The New York City Department of Education today released new data on the number of school suspensions for the 2013-14 school year and its biannual report on the number of suspensions from January to June 2014, the first six month period of the de Blasio administration. The data for the 2013-14 school year indicates that school suspensions are at the same levels since the previous year, as are the disparities in school suspensions for black and Latino students and students with special needs.
In New York City, black students make up only 26 percent of enrolled students but receive 53 percent of all school suspensions. Black and Latino students combined receive 89 percent of all school suspensions while white students receive less than 7 percent of all suspensions. Students with special needs received 36 percent of all suspensions despite making up only 12 percent of the student population as of 2012.
Data from January to June 2014, which marks the start of the new de Blasio administration, shows a 12 percent decrease in suspensions compared to the same time period the year before during the Bloomberg administration, which was notorious for pushing zero tolerance school discipline policies.
The New York Civil Liberties Union issued the following statement in response, attributable to Executive Director Donna Lieberman:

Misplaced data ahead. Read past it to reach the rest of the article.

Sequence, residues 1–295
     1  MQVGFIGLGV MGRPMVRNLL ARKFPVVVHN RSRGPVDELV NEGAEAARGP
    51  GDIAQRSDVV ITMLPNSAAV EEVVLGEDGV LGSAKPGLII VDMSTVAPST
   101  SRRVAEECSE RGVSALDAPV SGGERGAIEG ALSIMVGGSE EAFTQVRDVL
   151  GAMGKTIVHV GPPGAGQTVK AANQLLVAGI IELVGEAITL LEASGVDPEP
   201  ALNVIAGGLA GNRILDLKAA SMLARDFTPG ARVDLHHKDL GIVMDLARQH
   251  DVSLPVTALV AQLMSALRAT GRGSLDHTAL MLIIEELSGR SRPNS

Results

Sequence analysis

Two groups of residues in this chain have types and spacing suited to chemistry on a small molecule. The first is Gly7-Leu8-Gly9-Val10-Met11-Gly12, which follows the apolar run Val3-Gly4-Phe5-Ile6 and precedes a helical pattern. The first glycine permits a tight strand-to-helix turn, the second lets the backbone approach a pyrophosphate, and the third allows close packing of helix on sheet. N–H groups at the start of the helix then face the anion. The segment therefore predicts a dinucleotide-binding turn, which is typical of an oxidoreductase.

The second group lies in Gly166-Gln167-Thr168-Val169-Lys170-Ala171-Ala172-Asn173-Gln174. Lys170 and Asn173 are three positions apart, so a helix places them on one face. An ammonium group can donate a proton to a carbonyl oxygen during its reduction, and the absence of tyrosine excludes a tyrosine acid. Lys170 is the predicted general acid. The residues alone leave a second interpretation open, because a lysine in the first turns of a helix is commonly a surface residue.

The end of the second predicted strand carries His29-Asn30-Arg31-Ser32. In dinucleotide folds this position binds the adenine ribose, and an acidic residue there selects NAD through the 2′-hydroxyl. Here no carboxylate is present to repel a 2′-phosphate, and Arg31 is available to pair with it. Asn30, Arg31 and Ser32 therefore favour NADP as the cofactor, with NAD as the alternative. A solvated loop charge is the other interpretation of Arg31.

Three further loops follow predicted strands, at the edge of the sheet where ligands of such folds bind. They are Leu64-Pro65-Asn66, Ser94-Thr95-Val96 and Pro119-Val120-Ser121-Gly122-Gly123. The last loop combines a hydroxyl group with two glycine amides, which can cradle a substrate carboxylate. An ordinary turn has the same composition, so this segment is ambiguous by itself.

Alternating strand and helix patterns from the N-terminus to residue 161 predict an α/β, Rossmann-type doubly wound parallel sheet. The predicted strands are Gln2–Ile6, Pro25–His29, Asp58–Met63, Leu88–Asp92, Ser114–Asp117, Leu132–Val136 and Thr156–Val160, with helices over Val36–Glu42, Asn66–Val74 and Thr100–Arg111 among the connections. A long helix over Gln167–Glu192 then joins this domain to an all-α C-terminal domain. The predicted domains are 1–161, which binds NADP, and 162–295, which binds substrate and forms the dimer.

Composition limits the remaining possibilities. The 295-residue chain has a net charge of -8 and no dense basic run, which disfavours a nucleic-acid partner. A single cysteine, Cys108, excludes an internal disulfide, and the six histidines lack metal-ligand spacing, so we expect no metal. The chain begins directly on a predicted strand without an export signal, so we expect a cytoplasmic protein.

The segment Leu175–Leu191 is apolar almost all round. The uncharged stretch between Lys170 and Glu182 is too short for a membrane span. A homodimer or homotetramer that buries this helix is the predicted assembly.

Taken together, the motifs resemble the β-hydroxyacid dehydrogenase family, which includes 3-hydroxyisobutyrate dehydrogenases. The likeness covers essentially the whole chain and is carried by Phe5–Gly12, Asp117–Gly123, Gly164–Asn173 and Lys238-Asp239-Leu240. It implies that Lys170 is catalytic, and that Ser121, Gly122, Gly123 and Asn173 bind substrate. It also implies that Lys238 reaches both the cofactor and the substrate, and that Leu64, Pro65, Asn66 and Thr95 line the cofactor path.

“Though the approximately 10 percent decline in school suspensions during the first six months of the new de Blasio administration is heartening, the fact remains that a change in New York City’s punitive education culture will not happen without dramatic policy shifts. There is an immense amount of work to be done to ensure New York City children get their right to an education,” said Donna Lieberman, NYCLU executive director. “The de Blasio administration inherited a school system that oversaw unprecedented increases in exclusionary school discipline – suspensions, arrests and summonses. Ten months into the new administration and two months into the new school year, it’s time for the de Blasio administration to end the overreliance on destructive and discriminatory practices and undertake the systemic, common sense reforms that will make schools a conducive environment for learning.”